The Virtual Instruments VirtualWisdom IPM platform can be easily installed on the back of Traffic Access Points or TAPs; it is compatible with all vendor hardware and has won several awards for its non-disruptive, real-time monitoring and analysis capabilities.

Most data centres have built-in redundancy to cope with spikes in demand for capacity: by using VirtualWisdom, IT managers can see precisely where latency and performance degradation occurs, and they can proactively identify and address any traffic glitches before they become major issues. With VirtualWisdom this granular and comprehensive insight into the IT infrastructure is achieved without impacting application performance or end user experience and it doesn’t add any ‘load’ on to the system as polling does. Once implemented VirtualWisdom reads the Fibre Channel protocol in real time, end-to-end regardless of vendor equipment.

By having in-depth levels of insight datacentre managers can truly plan, and manage their IT environments, and ensure that they remain perpetually agile. In a similar manner, with VirtualWisdom, IT infrastructure managers can see how applications are performing, spot any existing and upcoming bottlenecks, review the level of utilisation of each component and understand whether these can be optimised to reduce cost. Once armed with this information, it is possible to eliminate downtime and latency, create application-aligned SLAs, and set in motion new initiatives such as tiering to ensure that each component (server, switch, fabric, storage) is perpetually optimised, and the IT infrastructure is therefore running as cost effectively as possible.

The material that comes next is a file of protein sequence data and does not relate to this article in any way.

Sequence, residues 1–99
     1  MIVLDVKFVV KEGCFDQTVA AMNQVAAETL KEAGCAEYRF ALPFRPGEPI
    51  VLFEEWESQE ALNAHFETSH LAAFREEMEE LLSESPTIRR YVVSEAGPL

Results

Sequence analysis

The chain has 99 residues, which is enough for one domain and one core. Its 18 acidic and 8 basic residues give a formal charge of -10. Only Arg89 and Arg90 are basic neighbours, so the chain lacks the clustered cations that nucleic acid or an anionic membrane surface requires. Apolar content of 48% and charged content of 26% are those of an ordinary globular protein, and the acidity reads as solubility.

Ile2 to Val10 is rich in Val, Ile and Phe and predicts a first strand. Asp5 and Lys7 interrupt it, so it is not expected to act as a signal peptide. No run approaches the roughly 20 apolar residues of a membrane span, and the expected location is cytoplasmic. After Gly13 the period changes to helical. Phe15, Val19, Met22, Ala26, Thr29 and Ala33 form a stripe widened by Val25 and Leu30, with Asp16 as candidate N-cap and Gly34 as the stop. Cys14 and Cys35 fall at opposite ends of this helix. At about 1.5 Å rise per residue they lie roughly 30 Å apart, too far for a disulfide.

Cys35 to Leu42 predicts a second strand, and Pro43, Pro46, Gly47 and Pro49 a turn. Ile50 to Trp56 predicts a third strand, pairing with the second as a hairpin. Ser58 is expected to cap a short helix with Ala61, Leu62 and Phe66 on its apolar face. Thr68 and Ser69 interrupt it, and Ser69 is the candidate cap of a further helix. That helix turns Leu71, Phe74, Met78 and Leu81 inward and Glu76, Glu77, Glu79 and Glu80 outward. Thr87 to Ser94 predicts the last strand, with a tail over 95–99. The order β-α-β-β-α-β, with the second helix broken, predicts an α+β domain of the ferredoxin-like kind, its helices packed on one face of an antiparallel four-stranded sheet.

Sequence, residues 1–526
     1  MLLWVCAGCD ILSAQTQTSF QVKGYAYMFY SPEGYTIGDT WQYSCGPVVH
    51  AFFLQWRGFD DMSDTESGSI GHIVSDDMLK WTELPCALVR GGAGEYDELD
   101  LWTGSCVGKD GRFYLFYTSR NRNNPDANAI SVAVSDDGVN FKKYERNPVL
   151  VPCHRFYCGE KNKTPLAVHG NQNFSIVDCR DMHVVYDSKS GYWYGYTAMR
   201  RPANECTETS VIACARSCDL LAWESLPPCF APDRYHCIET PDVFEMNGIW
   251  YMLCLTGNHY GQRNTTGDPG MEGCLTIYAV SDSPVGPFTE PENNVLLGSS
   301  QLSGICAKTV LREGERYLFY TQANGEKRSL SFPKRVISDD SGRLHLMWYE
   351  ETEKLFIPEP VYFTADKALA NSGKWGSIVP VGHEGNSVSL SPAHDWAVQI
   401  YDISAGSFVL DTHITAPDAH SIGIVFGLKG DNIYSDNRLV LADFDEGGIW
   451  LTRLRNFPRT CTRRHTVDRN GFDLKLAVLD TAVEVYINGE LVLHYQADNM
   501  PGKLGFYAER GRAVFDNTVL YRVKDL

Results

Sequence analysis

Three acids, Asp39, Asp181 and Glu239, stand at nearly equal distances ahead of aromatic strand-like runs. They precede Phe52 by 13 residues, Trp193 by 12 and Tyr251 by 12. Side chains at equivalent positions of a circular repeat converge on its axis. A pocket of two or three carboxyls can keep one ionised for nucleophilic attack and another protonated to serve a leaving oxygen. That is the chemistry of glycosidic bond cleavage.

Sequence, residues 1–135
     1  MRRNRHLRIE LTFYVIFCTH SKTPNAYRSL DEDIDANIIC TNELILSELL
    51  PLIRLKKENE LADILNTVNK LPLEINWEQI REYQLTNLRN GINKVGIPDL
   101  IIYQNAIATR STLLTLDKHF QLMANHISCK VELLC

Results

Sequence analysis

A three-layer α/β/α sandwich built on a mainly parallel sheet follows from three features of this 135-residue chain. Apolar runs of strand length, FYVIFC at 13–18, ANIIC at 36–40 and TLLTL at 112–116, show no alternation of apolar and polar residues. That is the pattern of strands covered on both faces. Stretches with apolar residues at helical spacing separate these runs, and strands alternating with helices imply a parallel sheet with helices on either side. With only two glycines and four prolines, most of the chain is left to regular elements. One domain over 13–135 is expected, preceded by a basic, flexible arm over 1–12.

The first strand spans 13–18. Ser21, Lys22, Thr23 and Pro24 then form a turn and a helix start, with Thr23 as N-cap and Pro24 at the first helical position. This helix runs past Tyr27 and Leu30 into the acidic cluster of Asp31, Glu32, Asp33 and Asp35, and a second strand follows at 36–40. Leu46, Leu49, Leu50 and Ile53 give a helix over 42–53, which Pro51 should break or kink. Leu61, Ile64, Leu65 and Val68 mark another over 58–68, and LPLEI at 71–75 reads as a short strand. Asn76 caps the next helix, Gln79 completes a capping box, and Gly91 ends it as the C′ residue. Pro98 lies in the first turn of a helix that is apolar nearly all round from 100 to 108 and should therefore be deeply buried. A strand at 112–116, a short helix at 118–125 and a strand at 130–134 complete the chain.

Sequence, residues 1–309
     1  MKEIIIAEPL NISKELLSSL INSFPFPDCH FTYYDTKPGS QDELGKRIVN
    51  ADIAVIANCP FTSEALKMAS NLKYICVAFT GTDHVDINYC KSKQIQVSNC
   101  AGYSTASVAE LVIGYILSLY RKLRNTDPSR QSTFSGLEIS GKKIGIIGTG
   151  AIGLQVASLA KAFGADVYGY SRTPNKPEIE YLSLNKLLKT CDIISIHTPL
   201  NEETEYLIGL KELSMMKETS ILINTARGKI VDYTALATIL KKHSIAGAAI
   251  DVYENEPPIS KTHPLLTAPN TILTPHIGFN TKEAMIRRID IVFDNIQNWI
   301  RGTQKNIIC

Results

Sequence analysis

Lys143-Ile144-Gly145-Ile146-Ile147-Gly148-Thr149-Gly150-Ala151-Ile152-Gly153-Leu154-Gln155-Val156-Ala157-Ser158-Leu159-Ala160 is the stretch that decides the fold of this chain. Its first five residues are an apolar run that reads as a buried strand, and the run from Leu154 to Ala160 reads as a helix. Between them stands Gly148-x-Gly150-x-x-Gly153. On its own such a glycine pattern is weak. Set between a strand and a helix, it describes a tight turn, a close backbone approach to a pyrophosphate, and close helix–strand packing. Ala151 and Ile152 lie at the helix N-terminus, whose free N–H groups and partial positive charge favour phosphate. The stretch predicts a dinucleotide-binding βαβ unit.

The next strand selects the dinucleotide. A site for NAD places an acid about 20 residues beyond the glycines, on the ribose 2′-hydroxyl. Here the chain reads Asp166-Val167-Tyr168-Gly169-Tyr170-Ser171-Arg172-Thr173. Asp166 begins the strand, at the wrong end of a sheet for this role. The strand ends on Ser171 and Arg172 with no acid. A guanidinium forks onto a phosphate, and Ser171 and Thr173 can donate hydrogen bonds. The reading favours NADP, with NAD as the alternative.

A marathon runner 100 years ago would have had heavier trainers than his counterpart today; he or she may have focused on one area of performance while ignoring another. Without monitoring tools they would almost certainly over provision in one area while neglecting another.

Likewise, if you don’t TAP and monitor your infrastructure, you are like the athletes of old; over provisioning, spending budget unnecessarily and allocating resources to the most important applications whether they need them or not. You are also susceptible to unplanned latency and outages. No runner today would train without their monitoring in place, they just wouldn’t be competitive enough, and likewise today’s leading businesses have had their data centres tapped because this gives them a huge competitive advantage. Why would anyone want to build a system they have no visibility into, and that can’t guarantee application performance?